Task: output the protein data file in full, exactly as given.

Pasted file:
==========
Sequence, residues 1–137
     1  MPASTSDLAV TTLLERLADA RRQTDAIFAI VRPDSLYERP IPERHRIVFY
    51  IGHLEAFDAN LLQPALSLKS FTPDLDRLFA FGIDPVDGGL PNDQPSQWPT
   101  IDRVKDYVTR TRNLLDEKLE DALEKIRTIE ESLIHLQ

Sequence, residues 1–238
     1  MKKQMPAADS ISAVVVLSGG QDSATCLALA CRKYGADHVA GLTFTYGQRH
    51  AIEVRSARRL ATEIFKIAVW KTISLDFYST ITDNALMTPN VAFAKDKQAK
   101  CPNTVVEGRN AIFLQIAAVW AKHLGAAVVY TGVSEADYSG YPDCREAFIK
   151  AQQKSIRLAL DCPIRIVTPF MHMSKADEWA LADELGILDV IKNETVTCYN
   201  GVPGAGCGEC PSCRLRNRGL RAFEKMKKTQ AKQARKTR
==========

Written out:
Sequence, residues 1–137
     1  MPASTSDLAV TTLLERLADA RRQTDAIFAI VRPDSLYERP IPERHRIVFY
    51  IGHLEAFDAN LLQPALSLKS FTPDLDRLFA FGIDPVDGGL PNDQPSQWPT
   101  IDRVKDYVTR TRNLLDEKLE DALEKIRTIE ESLIHLQ

Sequence, residues 1–238
     1  MKKQMPAADS ISAVVVLSGG QDSATCLALA CRKYGADHVA GLTFTYGQRH
    51  AIEVRSARRL ATEIFKIAVW KTISLDFYST ITDNALMTPN VAFAKDKQAK
   101  CPNTVVEGRN AIFLQIAAVW AKHLGAAVVY TGVSEADYSG YPDCREAFIK
   151  AQQKSIRLAL DCPIRIVTPF MHMSKADEWA LADELGILDV IKNETVTCYN
   201  GVPGAGCGEC PSCRLRNRGL RAFEKMKKTQ AKQARKTR